November 18, 2019 0

How to Make Predictions Using Monte Carlo Simulations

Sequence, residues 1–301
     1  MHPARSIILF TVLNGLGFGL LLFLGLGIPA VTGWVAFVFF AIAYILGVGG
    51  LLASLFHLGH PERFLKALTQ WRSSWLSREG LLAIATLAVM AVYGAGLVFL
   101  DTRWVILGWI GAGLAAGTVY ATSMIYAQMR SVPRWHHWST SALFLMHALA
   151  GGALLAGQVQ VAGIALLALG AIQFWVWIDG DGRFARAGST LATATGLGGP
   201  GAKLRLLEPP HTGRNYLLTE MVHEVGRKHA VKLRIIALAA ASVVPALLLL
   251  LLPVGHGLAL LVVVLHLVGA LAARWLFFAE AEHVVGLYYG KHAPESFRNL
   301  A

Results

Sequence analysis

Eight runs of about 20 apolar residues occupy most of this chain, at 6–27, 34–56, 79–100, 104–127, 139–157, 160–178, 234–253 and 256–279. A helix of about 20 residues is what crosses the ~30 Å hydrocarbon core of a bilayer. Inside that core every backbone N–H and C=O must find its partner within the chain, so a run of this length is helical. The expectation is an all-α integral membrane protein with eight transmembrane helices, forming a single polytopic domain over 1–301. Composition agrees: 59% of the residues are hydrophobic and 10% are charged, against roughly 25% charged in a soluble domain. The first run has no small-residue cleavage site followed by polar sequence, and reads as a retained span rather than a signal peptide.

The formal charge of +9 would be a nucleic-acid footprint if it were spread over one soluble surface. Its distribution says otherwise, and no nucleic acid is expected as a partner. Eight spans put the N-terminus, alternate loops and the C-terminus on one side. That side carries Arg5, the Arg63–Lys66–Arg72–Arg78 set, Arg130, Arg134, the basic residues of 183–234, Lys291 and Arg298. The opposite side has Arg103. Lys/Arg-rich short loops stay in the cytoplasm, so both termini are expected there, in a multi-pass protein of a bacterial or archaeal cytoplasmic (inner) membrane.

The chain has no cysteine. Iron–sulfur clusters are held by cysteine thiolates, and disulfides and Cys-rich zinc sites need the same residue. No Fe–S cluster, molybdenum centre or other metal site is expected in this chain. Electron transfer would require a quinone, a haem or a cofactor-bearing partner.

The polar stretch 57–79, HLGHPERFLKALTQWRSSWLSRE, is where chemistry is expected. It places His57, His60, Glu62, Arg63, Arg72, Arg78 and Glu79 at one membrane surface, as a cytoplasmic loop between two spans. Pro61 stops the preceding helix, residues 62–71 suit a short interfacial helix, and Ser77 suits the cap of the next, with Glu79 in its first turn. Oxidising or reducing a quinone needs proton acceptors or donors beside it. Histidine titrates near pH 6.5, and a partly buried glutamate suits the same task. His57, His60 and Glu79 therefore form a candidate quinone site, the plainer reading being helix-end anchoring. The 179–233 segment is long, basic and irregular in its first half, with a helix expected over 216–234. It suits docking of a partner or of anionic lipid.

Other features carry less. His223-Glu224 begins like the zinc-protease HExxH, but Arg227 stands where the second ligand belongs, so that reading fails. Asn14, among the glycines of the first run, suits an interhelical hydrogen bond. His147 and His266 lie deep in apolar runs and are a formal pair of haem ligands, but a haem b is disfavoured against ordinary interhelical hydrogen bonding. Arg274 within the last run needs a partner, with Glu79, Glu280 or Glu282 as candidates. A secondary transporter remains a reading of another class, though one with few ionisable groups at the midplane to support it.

Hey, my name is Christoph and today I’d like to talk about Monte Carlo simulation What? Hearing “Monte Carlo” triggers my brain to think about French Riviera or the Monaco, Formula One Grand Prix? And by the way? Google hits are supporting that But let’s move away from photos showing casino. By the way casinos are actually why Monte Carlo simulations are named this way But more on that later What we are going to talk about is admittedly gambling But let’s call it systematic gambling to answer real-world questions So why and where are Monte Carlo simulations used? Well Monte Carlo simulations help to answer probability questions They are used for example in finance for economic forecasting risk management and stress testing Also an automotive for sensitivity analysis to make customer products more robust or also tackling our daily life Monte Carlo simulation is used in weather forecasting So now, we need to answer the question. What are Monte Carlo simulations? Wikipedia says it’s “repeated random sampling to obtain numerical results” MathWorks is even a bit more specific saying: “the process of generating independent random draws from a specified probabilistic model” Let me try to describe it using my very own words “You start with a simulation model” “You run that model many times with randomly changing parameters” and then “you analyze the result systematically” and to understand what that means, let’s do an example together Blackjack seems to be an appropriate one for us today The game is also known as “21” The goal is to get a hand with a value close to, but not more than 21 We play against the dealer and each of us starts with two cards We see here a MATLAB app that’s basically a visualization on top of a MATLAB script that includes the concept of blackjack Our cards are dealt face up. One of the dealer’s card stays facedown Remember rule one said, “start with a simulation model” and that’s pretty much what we have here But what strategy should we follow? One approach is called “basic strategy”, and I will link the related publications in the video description Basic strategy for example recommends to always stand on 17, always split aces, never split tens So, let’s open the Wikipedia next to our cards to get the full picture of basic strategy I get 18 here, which is more than 17 So I certainly should stand Oh nonetheless, I lose because the dealer get 20 Let’s try to play again. Again 18 basic strategy recommends that I stand And now instead of playing manually again and again Let’s follow a more systematic Monte Carlo like approach Rule 2 says run that simulation many times Let’s exactly do that See here a script that will play blackjack many times for us Due to the increased number of computations required We employ a parallel execution, a feature that MATLAB provides That will distribute the compute tasks to all the cores on my laptop But this approach could also be scaled to match future compute environments such as clusters or cloud solutions So, what we are seeing here is the total dollar return after 15 players have been playing 2500 hands each Overall, we have a huge amount of data and that we can analyze and even analyze smart-decision-making during blackjack So you may ask yourself: Where does basic strategy come from? Well, basic strategy has been derived analyzing thousands of simulated games exactly like the one here, which essentially is a Monte Carlo approach So, all files I’ve used here today are authored by Cleve Moler, one of the co-founders of MathWorks and today chief mathematician at the MathWorks You will also find a very nice article explaining basic strategy and the MATLAB implementation of blackjack All right. So, let’s conclude for our specific example We’ve learned that following the basic strategy lets us eventually win a few times over the casino and fortunately in the long run the casino still has an advantage of about 1/2 of 1% If you found that example interesting, allow me to refer you to a MathWorks webpage that provides a whole lot of context and examples about Monte Carlo simulation as well as many MATLAB and Simulink models to download and run if you like the casual blackjack example Let’s end here with another one from basketball on YouTube LeBron James brings up an interesting questions “So you’re down three points with 30 seconds left in the match. Is it better to take a more difficult shirt for three points or an easy one for two an attempt to get another possession?” So, Khan Academy provides you with an interactive simulation tool to run through the decision-making in the browser Thanks for watching and stay tuned on MathWorks video!

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